11 Non-Toxic Ways to Kill Weeds

person holding freshly hand-pulled weeds

Weeds are a serious pain in the grass. But as tempting as it is to grab the bottle of chemical weed killers, don’t do it. Chemical weed killers are incredibly harmful to you, your family, your pets, and the environment, especially critical pollinators like bees and butterflies. Instead, choose one of these 11 non-toxic ways to kill weeds. It’s safer, cheaper, and more effective.

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11 Non-toxic ways to kill weeds

Chemical weed killers are easy and effective, but their chemicals are dangerous for you, your family, your pets, and the environment. But what else can you use that’s just as easy and effective? Lots of things! Read on for 11 effective non-toxic ways to kill weeds.

1. Mulch

spring hyacinth growing up through wood mulch
Coernl | Pixabay

If your garden bed is riddled with weeds, try mulch. Believe it or not, there are tons of types of mulch, both organic and inorganic. Mulch works by blocking sunlight and stopping new weed seeds from sprouting. A thick layer of mulch (thickness depends on type) ensures that any breakthrough weeds are easier to remove since their roots won’t be as deep.

The major difference between the two is organic mulch adds nutrients to your soil, but inorganic mulch is typically more effective against weeds. Organic mulch needs to be replaced more often, but inorganic mulch is usually more expensive. 

Types of organic mulch include

  • Wood chips
  • Pine needles
  • Wood mulch

Types of inorganic mulch include

  • Rocks
  • Rubber mulch
  • Gravel

Pros of mulch:

✓ Attractive

✓ Nutritious

✓ Encourages earthworms that create healthy soil

✓ Regulates temperature

✓ Retains moisture

Cons of mulch:

✗ Some organic mulch can be stinky

✗ Dyes used to color mulch (usually red or black) can stain

✗ Mulch also can harbor other pests like slugs, cutworms, and earwigs that might threaten plants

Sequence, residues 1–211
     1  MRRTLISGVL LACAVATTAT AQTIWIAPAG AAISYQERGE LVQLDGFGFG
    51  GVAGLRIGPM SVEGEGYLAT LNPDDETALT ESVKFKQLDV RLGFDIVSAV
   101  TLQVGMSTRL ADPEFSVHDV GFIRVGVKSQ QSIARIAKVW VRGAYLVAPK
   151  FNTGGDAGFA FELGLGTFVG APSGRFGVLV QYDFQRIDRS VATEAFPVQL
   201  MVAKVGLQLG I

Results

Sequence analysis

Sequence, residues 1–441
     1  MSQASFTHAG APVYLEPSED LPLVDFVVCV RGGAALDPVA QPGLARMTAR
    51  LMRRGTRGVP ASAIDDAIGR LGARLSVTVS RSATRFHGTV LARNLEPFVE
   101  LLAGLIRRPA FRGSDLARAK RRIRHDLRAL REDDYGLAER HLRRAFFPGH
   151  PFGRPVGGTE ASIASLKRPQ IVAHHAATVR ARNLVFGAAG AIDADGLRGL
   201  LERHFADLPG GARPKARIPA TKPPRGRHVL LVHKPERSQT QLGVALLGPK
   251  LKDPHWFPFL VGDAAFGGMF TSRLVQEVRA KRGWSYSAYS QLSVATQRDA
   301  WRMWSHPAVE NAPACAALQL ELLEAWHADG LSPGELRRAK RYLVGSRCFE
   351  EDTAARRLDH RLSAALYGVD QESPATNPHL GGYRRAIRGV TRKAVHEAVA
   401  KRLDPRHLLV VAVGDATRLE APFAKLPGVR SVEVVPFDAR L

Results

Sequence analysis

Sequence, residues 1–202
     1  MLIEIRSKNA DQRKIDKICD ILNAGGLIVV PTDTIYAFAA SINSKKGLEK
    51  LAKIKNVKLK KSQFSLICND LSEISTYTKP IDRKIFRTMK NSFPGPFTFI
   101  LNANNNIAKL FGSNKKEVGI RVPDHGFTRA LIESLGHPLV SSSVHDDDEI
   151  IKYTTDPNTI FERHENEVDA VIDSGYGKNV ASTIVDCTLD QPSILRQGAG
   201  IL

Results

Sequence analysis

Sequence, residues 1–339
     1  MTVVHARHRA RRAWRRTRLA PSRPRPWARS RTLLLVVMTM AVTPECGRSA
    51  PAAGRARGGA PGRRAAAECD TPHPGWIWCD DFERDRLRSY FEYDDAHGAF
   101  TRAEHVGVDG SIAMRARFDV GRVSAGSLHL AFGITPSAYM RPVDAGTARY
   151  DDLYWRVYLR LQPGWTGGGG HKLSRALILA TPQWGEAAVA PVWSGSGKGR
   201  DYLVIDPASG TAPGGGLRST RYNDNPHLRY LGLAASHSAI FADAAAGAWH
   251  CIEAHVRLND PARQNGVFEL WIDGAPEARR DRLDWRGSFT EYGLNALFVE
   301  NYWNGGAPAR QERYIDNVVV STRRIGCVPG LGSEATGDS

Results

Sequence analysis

2. Hand weeding

worker pulling out weeds from ground garden
~UserGI15633745 | Canva Pro | License

Weeding might be tedious – or it might just be the best free therapy you have in an increasingly chaotic world.

If it seems like you’re never gaining ground against these lawn and garden invaders, don’t stress. Weeds are the equivalent of a plant cockroach. They’re always going to survive in the end. So why worry? Next time you feel like you need a break, go outside and weed. It’s the most natural way to get rid of unwanted plants. 

When weeding by hand, you’ll need to make sure you grab the entire weed, taproots and all, or it will return.

Pros of hand weeding:

✓ No special equipment needed, just hands

✓ Gets the entire weed

✓ Instant

Cons of hand weeding:

✗ Time-consuming

✗ Tedious manual labor

3. Landscape fabric

landscape fabric laid down in a garden with young strawberries poking through the holes

Gardeners use landscape fabric to smother weed seeds and block the sun and air they need to grow. The woven sheet of fabric is sold in long black rolls with perforated holes to let water through. Rolls are about 3 feet wide and more than 200 feet long. Cost varies depending on the brand and thickness of the landscape fabric. 

Pros of landscape fabric:

✓ Useful for prohibiting weeds around trees and shrubs, topped with mulch

Cons of landscape fabric:

✗ Unattractive. The tarp appearance might make your yard look like a giant Slip N’ Slide unless landscape fabric is hidden under landscaping rocks or mulch.

✗ It’s not recommended for vegetable gardens or annual flower beds because landscape fabric stays in place for years.

4. Landscape fabric alternatives

newspaper mulching in a yard
OakleyOriginals | Flickr | CC BY 2.0

Landscape fabric is excellent for weed control, but it’s not appropriate for all gardens. Gardens that have frequent activity, like vegetable gardens or cutting gardens, would pair better with a landscape fabric alternative.

Some landscape fabric alternatives include:

  • Pine needles
  • Newspaper
  • Cardboard
  • Grass clippings
  • Leaf mulch

Pros of landscape fabric alternatives:

 ✓ Eco-friendly